by Carole — October 16, 2013

  3. I never check bags and travel with nothing more than a rolling suitcase that fits into the overhead bin and a backpack that fits under the seat in front. I have a list of what I take on a trip that is stored in an excel spreadsheet to help with packing (I modify the list after each trip, based on experience). Before a trip I will check out multiple travel guides from the local library, before settling on a guide. I travel with an Apple iPad, as I have a hard time viewing the small maps on a smart phone. I have books, maps and a chosen travel guide on the iPad. I use Skype to communicate with folks rather than the phone, though in Japan I leased a phone. I store hotel confirmations and make reservations using the hotel room wifi or even Starbucks. When I arrive in a country, I often take a tour the first day. It helps to get oriented and to stay awake on the first day. It is important to stay awake on the first day, so as to adjust to the new time quickly. Sunlight helps, too!

    by Lynn — October 16, 2013

  4. Drove around the Costwolds and Lake District in England. Purchased the UK chip for my Garmin before going. It was a life-saver!

    by Jan Cullinane — October 17, 2013

  5. I have a bad knee, bad foot, bad back. Ah aging! As a result I travel lighter and lighter. I now have a carryon that will fit under most seats and a small backpack, and that’s what I use. I do this by packing light. IPad, not computer. Minimal wardrobe. I have found the website Travelsmith.com to be an excellent source for affordable clothing that packs small and can be hand-washed. Magellans is another choice. Even places like llbean have special travel clothing. I find I can travel, and be comfortably dressed, with two pairs of black knit pants that can be hand washed and hung to dry, a handful of comfy tops (4 or 5), a light jacket or sweater, 2 or 3 pairs of quick-dry undies, a nightgown, and 2 pairs of shoes. Sometimes I add travel slippers. Since I have black pants I can have any color top, so mi usually have at least one or two black ones, then whatever color coordinates with the jacket I bring. Oh…and I also bring an outdoor jacket or coat. If summer, a lightweight waterproof jacket. If winter, a waterproof and warm jacket. The key to making this wardrobe work is scarves and jewelry. You can wear the same black pants and black or white top time after time, and look different by adding a different scarf or different jewelry. And scarves and jewelry pack small. I am wearing one paid of pants, a top, the lightweight jacket and the outerwear jacket, plus one pear of shoes in black usually. My bag only has 1 pant, 4 tops, undies, socks in winter, spare shoes (flip flops or sandals in summer, sneakers in winter), swimsuit in summer, scarves and jewelry. In summer I may add one paid of black capris to wardrobe. Black is a great choice. there are very few places you cant go dressed in black pants, a nice black top or sweater, and a dressy scarf. If you don’t like black, pick another dark neutral….navy, grey, forest green. Even khaki. The key is to pick something that can be mixed and matched. Then pick a complimentary color or two. White is always good. With navy I like green. With dark green I like peach or red. With khaki I like red and black. Once you pick your color s heme, stick with it and get scarves and jewelry. And don’t forget that these clothes should be the kind you can wash in a hotel sink and hang to dry. Bring along travel size laundry soap. This makes travel so easy. Oh…and lighten your cosmetic bag as well. Buy colored colored moisturizer that can double as moisturizer and makeup. Take tinted lip balm that conditions and colors your lips. Travel size shampoo and conditioner and toothpaste, etc. if it is cold, get a set of silk long underwear, and they can double as pajamas.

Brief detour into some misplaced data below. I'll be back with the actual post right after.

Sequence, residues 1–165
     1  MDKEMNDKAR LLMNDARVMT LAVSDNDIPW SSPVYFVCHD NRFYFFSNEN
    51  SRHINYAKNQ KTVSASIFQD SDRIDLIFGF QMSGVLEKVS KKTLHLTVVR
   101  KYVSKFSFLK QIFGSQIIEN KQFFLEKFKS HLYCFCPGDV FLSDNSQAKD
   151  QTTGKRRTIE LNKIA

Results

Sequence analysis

I traveled three weeks in Europe with a small backpack and was always dressed appropriately and comfortably.

    by Ginger — October 17, 2013

  6. Hi Ginger: